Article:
Download Adobe Reader

Canning Meats & Poultry

carolina canning

Carolina Canning

Canning MeatMeats and poultry are low acid foods (pH above 4.6) that provide a good environment for the growth of Clostridium botulinum, the cause of deadly foodborne botulism. Please remind your friends and neighbors that no safe way to use a boiling water canner for these foods exists; meats and poultry must be pressure canned for safety.

Canning Meat (Strips, Cubes or Chunks of Bear, Beef, Lamb, Pork, Sausage, Veal or Venison)

Choose high quality, chilled meat. If frozen, thaw completely in the refrigerator, under cold running water or in the microwave. Remove excess fat. Soak strong-flavored wild meats for 1 hour in brine water containing 1 tablespoon of salt per quart. Rinse. Remove large bones. Cut into 1-inch wide strips, cubes or chunks.

  • Hot pack – Precook meat until rare by roasting, stewing, or browning in a small amount of fat. Add ½ teaspoon of salt per pint or 1 teaspoon of salt per quart to the jar, if desired. Pack hot meat loosely into hot jars leaving 1-inch headspace. Fill jars with boiling broth, meat drippings, water, or tomato juice (especially for wild game) to 1 inch from top of jar. Remove bubbles, wipe jar rims, adjust lids and process in pressure canner.

  • Raw pack – Add 1 teaspoon per pint or 2 teaspoons of salt per quart to the jar, if desired. Fill jars with raw meat pieces, leaving 1-inch headspace. Do not add liquid. Wipe jar rims, adjust lids and process in pressure canner.

For hot and raw pack jars of meat, process pints for 75 minutes and quarts for 90 minutes.

  • Dial-gauge pressure canner - process jars at 11 pounds pressure (altitudes of 0 to 2,000 ft) or at 12 pounds pressure (altitudes of 2,001 to 4,000 ft).

  • Weighted gauge pressure canner - process jars at 10 pounds pressure (altitudes of 0 to 1,000 ft) or at 15 pounds pressure (altitudes above 1,000 ft).

Canning Poultry (Chicken, Duck, Goose, Turkey, Game Birds) or Rabbit

Choose freshly killed, dressed, healthy animals. For more flavor use large chickens, not fryers. Chill dressed poultry for 6 to 12 hours before canning. Soak dressed rabbits for 1 hour in salt water (1 tablespoon salt per quart) and rinse. Remove excess fat. Cut poultry or rabbit into suitable sizes for canning. Can with or without bones. The hot pack is preferred for best liquid cover and quality during storage. Natural poultry fat and juices are usually not enough to cover the meat in raw packs.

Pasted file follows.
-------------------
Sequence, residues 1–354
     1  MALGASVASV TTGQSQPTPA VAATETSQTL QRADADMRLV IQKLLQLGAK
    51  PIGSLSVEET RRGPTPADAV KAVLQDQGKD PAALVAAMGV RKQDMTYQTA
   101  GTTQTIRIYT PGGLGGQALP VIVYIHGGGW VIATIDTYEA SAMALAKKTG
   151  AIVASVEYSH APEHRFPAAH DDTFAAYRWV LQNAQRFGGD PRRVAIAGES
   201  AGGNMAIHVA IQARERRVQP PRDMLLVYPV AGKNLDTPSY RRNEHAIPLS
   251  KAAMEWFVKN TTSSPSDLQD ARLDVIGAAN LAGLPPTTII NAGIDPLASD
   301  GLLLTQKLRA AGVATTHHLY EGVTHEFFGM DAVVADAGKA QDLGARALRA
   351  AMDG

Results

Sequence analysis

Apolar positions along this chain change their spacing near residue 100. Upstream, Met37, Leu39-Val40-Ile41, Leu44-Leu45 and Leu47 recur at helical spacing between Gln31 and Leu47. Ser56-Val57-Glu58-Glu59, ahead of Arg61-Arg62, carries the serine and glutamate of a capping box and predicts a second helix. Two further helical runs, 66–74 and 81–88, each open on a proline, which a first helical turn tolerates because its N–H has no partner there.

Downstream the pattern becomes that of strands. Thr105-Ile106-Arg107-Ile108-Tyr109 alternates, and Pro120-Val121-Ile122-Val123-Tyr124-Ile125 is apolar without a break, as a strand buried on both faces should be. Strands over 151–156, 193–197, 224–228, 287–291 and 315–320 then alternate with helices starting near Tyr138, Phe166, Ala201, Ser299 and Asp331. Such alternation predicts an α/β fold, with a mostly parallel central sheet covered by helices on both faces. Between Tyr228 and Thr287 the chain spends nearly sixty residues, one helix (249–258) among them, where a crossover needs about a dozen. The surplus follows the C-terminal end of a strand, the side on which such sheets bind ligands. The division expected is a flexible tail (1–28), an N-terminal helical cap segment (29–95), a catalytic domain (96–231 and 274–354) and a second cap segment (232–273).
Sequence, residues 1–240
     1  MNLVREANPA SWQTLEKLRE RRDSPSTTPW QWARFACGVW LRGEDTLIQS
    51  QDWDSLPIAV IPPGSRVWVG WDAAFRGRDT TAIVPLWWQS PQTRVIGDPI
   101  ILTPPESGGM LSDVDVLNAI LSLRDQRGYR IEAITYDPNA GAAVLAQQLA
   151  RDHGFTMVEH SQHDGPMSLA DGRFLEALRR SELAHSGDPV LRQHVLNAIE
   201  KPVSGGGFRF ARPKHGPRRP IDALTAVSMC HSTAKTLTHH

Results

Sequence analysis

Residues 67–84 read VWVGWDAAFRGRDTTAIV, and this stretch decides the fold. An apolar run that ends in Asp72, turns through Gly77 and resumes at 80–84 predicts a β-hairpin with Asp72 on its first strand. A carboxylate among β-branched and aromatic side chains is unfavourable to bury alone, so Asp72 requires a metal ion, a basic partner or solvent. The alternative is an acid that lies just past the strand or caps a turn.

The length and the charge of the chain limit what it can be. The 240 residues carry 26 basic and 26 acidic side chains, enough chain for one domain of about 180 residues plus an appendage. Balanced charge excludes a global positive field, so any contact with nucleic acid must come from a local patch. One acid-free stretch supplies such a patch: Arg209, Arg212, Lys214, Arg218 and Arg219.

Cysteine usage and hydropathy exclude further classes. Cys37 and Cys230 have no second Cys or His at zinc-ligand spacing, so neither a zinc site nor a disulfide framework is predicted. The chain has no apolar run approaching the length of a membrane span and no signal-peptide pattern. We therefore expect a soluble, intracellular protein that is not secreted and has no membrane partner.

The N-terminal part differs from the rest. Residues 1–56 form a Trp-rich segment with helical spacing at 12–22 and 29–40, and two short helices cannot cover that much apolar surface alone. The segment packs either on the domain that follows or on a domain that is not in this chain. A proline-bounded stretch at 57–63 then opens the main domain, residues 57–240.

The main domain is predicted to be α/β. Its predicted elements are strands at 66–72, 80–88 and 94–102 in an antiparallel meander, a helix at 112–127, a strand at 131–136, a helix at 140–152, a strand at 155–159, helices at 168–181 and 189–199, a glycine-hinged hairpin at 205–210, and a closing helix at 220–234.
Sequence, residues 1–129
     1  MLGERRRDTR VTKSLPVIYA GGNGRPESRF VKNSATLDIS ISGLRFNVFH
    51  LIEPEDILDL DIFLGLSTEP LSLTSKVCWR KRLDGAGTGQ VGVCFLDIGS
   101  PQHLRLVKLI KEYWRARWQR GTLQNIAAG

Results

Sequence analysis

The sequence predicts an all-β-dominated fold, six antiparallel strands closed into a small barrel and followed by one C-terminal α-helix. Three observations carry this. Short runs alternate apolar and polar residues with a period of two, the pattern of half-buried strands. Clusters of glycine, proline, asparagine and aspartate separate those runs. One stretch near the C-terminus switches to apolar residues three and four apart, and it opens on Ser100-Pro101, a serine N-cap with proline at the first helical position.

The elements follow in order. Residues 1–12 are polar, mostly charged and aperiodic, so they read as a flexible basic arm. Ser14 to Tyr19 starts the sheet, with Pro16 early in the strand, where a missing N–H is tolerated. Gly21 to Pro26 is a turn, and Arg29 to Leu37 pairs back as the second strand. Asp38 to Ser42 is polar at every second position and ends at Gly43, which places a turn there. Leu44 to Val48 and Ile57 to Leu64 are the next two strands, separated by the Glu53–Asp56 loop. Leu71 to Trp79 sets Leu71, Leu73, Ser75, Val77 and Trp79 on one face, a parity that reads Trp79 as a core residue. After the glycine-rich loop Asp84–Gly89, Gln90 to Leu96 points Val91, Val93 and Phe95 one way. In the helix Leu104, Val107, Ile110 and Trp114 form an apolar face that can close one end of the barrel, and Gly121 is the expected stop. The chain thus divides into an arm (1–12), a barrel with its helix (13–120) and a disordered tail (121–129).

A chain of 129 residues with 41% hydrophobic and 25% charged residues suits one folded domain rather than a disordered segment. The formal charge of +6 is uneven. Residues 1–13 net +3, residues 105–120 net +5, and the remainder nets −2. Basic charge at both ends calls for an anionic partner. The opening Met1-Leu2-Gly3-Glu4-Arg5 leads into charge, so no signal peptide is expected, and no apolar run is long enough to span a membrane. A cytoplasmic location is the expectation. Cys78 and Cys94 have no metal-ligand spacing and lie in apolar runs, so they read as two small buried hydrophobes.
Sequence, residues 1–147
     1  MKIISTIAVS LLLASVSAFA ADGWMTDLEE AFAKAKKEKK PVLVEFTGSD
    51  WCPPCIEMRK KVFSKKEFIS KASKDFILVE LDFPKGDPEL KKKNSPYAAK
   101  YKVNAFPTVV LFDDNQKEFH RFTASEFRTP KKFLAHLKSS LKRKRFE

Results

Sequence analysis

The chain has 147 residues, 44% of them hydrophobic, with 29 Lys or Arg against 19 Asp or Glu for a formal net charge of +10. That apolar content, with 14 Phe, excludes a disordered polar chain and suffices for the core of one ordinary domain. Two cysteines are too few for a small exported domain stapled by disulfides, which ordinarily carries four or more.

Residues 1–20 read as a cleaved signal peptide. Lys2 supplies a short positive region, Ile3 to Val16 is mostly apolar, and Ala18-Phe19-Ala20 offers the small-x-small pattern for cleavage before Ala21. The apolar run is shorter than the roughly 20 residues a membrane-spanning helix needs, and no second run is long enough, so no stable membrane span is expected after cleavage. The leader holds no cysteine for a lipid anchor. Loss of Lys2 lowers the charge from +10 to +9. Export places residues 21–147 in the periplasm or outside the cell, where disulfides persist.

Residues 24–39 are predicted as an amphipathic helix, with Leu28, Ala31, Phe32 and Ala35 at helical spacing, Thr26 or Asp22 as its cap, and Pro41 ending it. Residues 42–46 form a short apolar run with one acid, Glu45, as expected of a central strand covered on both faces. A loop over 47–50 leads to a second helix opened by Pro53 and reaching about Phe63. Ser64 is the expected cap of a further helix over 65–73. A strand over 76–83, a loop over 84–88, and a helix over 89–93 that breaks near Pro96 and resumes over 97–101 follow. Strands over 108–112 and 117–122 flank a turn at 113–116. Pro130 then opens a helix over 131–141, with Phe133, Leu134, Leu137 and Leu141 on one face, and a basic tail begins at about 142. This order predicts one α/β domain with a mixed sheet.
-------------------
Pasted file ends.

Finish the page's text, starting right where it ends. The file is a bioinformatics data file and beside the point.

• Hot pack – Boil, steam or bake meat until about two-thirds done. Add 1 teaspoon salt per quart to the jar, if desired. Fill jars with pieces and hot broth, leaving 1-1/4 inch headspace.

  • Raw pack – Add 1 teaspoon salt per quart, if desired. Fill jars loosely with raw meat pieces, leaving 1-1/4 inch headspace. Do not add liquid.

For jars of poultry or rabbit without bones (both hot and raw pack), process pints for 75 minutes and quarts for 90 minutes. For jars of poultry or rabbit with included bones (both hot and raw pack), process pints for 65 minutes and quarts for 75 minutes.

  • Dial-gauge pressure canner - process jars at 11 pounds pressure (altitudes of 0 to 2,000 ft) or at 12 pounds pressure (altitudes of 2,001 to 4,000 ft).

  • Weighted gauge pressure canner - process jars at 10 pounds pressure (altitudes of 0 to 1,000 ft) or at 15 pounds pressure (altitudes above 1,000 ft).

Safe procedures for canning chicken or turkey stock, ground or chopped meat, meat stock, meat soups, mincemeat pie filling or chili con carne can be found in “So Easy to Preserve” and at the National Center for Home Food Preservation (http://nchfp.uga.edu). Procedures for canning seafood will be provided in an upcoming Canning Coach Tip.

For more Tips, see http://www.clemson.edu/extension/food_nutrition/canning/tips/index.html.

Note: Remember that spoilage and disease-causing microorganisms thrive on meats and poultry. Following the four “C’s” (clean, chill, don’t cross contaminate, and pressure can properly) is critical to producing safe, high quality canned meats

Sources: